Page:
So, you need a web site (or have one) and want to make sure it’s mobile-friendly. But have you ever wondered how that happens? Have you run across industry terminology of “Responsive” or “Adaptive” and wondered what it’s all about?
That’s exactly what I’m going to explain, as it’s an important distinction to consider when planning out how your site will be built and maintained.
Responsive vs Adaptive: A Quick and Dirty Explanation.
The basic answer is that they both do the same thing: make your site friendly to mobile devices. Ever look at a website on a smartphone and have to pinch and swipe in order to see and read that desktop based layout? That’s what mobile-friendly fixes—it saves your viewers from squinting, grumbling, and ultimately leaving your site for one with a better user experience. With over 90% of people moving between devices to view content (i.e. seeing something on their phone, and saving it for later to view on their desktop, or vice versa) it’s critical that your site is optimized for all devices: mobile, tablet, and desktop.
What is a Responsive Website?
The Quick Answer: a single site and a single set of content, optimized to display based on the viewing width of the device.
Responsive Web Design is an approach aimed at providing optimal viewing experiences across a wide range of devices. As the name implies, the site layout responds to the size of the screen.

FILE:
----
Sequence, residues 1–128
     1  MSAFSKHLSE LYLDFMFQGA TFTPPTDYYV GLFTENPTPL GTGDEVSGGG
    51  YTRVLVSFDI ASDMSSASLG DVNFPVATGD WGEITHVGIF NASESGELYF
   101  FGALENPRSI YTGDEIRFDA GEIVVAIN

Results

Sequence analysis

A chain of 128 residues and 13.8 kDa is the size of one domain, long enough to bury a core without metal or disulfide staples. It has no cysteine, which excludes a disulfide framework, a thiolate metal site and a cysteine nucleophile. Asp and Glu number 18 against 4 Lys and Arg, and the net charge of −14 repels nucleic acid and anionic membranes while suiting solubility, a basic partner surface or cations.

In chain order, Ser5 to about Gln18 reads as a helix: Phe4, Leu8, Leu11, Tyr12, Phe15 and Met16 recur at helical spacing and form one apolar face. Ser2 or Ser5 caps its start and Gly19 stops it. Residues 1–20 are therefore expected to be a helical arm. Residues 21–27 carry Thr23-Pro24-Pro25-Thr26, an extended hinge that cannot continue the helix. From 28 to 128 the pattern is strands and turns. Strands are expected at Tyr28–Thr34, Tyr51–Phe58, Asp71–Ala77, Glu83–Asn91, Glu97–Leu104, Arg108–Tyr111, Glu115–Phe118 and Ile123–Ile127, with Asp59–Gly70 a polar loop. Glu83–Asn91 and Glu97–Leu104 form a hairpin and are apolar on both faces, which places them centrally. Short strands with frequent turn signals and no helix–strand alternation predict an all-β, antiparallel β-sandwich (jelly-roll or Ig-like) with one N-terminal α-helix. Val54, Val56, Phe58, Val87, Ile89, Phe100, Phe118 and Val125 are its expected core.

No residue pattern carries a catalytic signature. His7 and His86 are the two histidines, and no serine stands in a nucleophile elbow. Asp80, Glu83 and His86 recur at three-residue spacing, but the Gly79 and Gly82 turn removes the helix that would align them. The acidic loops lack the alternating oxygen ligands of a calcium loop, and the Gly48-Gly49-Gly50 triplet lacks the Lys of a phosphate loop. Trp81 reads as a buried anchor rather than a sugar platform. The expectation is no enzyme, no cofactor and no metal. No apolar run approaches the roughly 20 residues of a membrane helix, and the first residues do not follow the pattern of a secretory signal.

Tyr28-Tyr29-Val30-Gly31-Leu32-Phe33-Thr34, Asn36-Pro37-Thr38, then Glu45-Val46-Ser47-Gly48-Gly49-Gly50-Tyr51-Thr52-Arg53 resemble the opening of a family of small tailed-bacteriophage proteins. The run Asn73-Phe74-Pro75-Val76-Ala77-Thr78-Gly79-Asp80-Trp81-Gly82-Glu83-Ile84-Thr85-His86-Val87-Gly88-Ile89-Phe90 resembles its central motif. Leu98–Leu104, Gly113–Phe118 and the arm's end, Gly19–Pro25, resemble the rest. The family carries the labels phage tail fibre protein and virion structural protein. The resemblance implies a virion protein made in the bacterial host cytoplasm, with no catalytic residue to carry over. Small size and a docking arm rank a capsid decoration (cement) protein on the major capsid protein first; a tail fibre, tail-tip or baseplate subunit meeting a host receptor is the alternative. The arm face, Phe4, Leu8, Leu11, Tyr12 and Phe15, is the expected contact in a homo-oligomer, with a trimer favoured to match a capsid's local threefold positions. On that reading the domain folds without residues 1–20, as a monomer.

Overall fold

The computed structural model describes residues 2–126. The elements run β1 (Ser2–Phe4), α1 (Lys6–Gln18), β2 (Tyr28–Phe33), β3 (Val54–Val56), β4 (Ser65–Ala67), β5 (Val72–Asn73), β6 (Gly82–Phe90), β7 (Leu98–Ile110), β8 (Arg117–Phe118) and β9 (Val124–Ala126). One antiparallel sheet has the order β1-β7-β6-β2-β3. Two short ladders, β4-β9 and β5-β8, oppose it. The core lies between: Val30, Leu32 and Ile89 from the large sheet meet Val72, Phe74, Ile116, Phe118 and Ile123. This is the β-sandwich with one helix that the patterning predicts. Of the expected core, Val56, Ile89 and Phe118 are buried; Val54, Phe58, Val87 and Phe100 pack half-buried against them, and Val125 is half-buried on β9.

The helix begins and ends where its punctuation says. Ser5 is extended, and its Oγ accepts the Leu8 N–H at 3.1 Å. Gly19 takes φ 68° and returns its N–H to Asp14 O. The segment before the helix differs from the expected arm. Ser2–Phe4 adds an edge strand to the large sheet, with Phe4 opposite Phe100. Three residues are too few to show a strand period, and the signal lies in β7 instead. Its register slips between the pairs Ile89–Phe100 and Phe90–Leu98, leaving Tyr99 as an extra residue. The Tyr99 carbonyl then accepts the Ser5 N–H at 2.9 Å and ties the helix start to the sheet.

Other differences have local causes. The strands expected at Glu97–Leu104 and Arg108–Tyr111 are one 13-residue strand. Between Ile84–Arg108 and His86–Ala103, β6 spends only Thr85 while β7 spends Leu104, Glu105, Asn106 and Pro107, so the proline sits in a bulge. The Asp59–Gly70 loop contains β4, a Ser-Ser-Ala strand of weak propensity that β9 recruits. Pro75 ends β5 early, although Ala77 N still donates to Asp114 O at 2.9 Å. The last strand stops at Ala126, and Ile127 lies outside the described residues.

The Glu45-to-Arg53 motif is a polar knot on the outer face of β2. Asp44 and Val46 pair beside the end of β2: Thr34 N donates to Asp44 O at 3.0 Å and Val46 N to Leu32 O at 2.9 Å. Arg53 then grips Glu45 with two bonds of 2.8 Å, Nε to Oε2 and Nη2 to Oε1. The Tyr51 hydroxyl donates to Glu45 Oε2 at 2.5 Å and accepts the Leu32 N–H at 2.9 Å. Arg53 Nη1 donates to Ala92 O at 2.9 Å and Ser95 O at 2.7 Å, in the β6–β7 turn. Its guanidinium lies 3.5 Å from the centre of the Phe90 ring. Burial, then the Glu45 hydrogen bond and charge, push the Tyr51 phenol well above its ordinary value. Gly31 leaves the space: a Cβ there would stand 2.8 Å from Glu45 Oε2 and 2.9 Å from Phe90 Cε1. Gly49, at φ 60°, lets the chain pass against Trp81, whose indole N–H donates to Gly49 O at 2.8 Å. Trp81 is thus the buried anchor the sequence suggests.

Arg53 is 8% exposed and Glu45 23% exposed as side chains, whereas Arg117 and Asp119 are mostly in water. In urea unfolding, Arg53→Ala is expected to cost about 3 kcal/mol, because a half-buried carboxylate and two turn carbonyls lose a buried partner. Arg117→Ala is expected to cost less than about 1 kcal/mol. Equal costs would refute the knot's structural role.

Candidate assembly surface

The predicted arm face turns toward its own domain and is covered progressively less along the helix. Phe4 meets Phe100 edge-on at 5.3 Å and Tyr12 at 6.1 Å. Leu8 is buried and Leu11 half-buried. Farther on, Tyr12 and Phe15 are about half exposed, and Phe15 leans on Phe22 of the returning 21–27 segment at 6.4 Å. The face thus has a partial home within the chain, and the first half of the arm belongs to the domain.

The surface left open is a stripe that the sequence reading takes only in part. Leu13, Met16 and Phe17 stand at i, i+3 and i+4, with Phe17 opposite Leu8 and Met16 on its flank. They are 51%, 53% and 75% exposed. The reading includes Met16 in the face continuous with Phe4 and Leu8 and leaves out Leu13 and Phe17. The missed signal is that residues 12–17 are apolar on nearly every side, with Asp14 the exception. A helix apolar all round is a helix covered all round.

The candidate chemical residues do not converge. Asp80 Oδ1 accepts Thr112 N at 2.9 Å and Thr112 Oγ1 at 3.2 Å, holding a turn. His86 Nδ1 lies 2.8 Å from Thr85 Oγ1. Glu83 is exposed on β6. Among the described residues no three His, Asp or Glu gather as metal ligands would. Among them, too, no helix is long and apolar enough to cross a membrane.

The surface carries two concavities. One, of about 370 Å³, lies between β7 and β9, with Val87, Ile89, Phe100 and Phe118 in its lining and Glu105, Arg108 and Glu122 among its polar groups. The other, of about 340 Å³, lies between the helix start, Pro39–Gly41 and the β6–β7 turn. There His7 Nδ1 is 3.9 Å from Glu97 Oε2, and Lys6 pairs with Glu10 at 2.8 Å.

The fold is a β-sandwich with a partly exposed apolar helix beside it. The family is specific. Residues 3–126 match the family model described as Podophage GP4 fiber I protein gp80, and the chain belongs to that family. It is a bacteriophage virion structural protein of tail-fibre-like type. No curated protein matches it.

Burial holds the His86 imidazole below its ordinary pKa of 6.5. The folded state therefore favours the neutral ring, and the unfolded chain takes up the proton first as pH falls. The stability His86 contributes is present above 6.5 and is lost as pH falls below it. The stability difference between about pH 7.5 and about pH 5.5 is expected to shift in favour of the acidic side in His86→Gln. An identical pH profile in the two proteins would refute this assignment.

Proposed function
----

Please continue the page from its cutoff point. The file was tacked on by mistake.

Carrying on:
Responsive websites are based on a fluid design grid, where widths are defined by percentages (i.e. 50% of the screen size for two columns), and utilize CSS @media queries to allow for refinement at various breaking points.
Responsive Web Design in Action
We recently launched a new site for one of our branding clients that’s a perfect example of a responsive design.
To see responsive in action, view the site and resize your browser window (yes, I’m assuming you are on a desktop for this exercise!). Now watch as the site responds to your browser size:
- Images resize as your screen width narrows or expands.
- Multiple columns of content stack into a single column as your browser width narrows.
- The site navigation truncates into “tappable” groupings at smaller widths, and expands to fully exposed lists at wider sizes
What about an adaptive design?
The Quick Answer: a single site with different content and layout requirements served to the client, based on the type of device they are using.
With Adaptive web design, there are distinct layouts for multiple screens sizes. With server side code to detect the device size, you are in essence able to serve a different site to your users, based on their device.